Asian shares mixed following advance on Wall Street

BANGKOK (AP) — Shares were mixed in Asia yesterday after a modestly high finish on Wall Street that extended the market’s gains into a fourth week.

The Nikkei 225 index rose 0.6 per cent to 21,431.49 despite news that Japan’s exports sank 8.4 per cent in January from a year earlier, far more than forecast.

Hong Kong’s Hang Seng index jumped 0.9 per cent to 28,489,50, while the Shanghai Composite slipped 0.1 per cent to 2,752.07. South Korea’s Kospi jumped 1.0 per cent to 2,228.12 and the S&P ASX 200 slipped 0.2 per cent to 6,096.50.

Uncertainty over the costly trade conflict between the United States (US) and China has clouded the outlook for trade as well as company profits.

But US stocks shook off an early wobble on Wall Street as solid earnings from Walmart encouraged investors to bid up other retailers and consumer goods companies. Communication services stocks and banks also contributed to the broad gains.

Roughly 81 per cent of S&P 500 companies have reported results for the last three months of 2018, delivering earnings growth of 13.1 per cent versus a year earlier, according to FactSet.

People walk past an electronic board showing Hong Kong share index outside a bank in Hong Kong. – AP

First-quarter snapshots are expected to result in a 2.5 per cent decline in earnings, however.

The benchmark S&P 500 index gained 0.1 per cent to 2,779.76, while the Dow Jones Industrial Average was almost flat at 25,891.32. The Nasdaq composite added 0.2 per cent to 7,486.77. The Russell 2000 index of smaller companies picked up 0.3 per cent, to 1,574.47.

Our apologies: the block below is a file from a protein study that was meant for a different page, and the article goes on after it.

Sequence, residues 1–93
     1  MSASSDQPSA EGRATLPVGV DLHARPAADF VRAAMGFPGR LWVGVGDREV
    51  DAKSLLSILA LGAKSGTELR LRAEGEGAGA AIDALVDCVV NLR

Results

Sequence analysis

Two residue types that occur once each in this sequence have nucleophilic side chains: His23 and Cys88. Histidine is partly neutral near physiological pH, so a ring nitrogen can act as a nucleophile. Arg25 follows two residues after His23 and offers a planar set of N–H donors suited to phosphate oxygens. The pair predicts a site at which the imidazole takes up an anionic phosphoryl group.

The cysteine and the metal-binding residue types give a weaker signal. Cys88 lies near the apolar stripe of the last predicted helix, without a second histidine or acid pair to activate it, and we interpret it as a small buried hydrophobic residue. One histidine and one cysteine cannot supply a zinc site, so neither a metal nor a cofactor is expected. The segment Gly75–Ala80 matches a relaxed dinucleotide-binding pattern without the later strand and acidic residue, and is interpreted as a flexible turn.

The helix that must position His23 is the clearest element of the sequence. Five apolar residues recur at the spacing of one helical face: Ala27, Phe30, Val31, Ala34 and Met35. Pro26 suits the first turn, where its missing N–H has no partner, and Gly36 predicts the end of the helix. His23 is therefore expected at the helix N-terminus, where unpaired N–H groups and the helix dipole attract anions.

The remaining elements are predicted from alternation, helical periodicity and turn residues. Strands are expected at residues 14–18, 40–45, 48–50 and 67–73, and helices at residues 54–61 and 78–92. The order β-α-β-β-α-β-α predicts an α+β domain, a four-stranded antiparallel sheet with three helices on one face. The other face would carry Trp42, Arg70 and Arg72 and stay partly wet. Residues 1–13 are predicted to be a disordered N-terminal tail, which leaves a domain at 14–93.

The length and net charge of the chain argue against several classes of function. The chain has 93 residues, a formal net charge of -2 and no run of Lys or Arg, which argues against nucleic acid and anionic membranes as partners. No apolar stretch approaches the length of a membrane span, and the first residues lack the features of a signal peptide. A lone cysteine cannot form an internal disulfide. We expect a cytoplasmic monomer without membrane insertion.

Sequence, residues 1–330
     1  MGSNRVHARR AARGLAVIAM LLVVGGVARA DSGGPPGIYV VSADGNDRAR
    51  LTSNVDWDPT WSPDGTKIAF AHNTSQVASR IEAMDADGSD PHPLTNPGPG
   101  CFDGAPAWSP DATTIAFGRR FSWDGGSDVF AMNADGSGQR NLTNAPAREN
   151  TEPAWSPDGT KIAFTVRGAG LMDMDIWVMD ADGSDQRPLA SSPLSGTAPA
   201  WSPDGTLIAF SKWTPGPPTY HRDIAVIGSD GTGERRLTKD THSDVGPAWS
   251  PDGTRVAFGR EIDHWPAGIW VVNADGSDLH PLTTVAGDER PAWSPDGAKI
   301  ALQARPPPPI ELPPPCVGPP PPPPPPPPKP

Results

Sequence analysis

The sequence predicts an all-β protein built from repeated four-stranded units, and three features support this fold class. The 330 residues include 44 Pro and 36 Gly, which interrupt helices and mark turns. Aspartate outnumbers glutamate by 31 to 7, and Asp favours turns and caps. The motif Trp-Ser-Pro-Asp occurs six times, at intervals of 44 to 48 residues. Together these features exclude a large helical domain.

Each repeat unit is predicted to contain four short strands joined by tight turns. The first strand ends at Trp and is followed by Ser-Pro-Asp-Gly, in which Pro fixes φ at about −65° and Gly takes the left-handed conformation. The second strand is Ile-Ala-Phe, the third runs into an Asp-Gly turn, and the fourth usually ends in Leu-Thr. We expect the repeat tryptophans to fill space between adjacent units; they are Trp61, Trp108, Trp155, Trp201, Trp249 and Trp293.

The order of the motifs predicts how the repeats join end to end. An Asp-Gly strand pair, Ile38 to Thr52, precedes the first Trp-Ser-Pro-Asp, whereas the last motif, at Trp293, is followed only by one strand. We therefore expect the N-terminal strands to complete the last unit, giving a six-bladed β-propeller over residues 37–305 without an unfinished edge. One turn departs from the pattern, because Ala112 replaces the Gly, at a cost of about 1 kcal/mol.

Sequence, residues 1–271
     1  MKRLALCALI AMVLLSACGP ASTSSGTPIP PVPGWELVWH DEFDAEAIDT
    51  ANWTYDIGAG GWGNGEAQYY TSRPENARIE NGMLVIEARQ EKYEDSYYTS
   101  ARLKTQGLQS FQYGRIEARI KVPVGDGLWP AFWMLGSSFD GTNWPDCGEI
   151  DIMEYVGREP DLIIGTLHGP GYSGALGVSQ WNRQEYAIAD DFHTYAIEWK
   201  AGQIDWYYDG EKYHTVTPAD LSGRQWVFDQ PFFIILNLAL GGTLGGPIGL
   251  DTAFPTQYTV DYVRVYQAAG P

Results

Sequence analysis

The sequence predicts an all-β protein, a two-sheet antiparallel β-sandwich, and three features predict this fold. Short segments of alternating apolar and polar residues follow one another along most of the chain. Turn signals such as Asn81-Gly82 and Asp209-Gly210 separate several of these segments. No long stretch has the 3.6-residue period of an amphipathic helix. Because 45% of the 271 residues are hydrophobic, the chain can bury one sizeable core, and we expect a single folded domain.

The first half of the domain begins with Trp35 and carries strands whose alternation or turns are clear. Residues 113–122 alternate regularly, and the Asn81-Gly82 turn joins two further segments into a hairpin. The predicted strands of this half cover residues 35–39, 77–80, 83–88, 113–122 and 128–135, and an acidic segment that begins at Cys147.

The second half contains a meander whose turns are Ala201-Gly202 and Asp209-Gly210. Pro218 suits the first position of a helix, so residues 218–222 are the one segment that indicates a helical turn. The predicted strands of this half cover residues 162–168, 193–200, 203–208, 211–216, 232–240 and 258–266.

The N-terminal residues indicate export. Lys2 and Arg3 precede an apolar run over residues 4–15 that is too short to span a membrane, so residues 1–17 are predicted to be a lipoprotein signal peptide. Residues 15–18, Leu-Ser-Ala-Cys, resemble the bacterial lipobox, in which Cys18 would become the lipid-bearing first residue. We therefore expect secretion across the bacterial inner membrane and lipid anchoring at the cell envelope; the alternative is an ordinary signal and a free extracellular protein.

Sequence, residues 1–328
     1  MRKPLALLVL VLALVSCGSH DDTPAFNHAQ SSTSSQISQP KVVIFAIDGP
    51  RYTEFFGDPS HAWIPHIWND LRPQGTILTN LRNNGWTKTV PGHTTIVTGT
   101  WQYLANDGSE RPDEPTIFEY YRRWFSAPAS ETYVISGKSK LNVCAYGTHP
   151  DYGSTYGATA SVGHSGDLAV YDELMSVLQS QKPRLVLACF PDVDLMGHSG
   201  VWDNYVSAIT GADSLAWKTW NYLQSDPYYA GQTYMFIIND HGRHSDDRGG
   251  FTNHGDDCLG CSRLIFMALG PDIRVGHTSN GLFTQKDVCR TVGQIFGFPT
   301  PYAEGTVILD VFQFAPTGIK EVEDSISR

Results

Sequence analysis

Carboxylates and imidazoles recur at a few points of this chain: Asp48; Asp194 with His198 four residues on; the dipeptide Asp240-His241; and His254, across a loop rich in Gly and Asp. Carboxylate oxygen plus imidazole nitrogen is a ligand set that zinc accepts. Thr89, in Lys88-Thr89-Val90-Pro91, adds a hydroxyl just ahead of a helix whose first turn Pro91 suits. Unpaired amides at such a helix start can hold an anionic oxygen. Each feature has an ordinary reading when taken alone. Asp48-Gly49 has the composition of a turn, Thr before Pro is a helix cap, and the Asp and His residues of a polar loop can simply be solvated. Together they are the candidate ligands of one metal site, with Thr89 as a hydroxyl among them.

Major European indexes finished mostly lower. Investors are keeping a close eye on talks between US and Chinese negotiators in Washington that are aimed at ending a trade war between the world’s largest economies.

JAPAN TRADE: A 17 per cent drop in Japan’s exports to China and 13 per cent decline in exports to the rest of Asia including China helped drag overall exports sharply lower. Japan’s imports fell 0.6 per cent, leaving a deficit of 1.4 trillion yen (USD12.8 billion), up 50 per cent from a year earlier and the biggest such gap since March 2014. The weak numbers suggest China’s slowdown and trade tensions with the United States are hurting demand.

CURRENCIES: The dollar rose to 110.85 yen from 110.63 yen on Tuesday. The euro slipped to USD1.1340 from USD1.1343.

ENERGY: US benchmark crude gained nine cents to USD56.54 per barrel in electronic trading on the New York Mercantile Exchange. It rose 0.8 per cent to settle at USD56.45 a barrel on Tuesday. Brent crude, the standard for international oil prices, lost three cents to USD66.42 per barrel.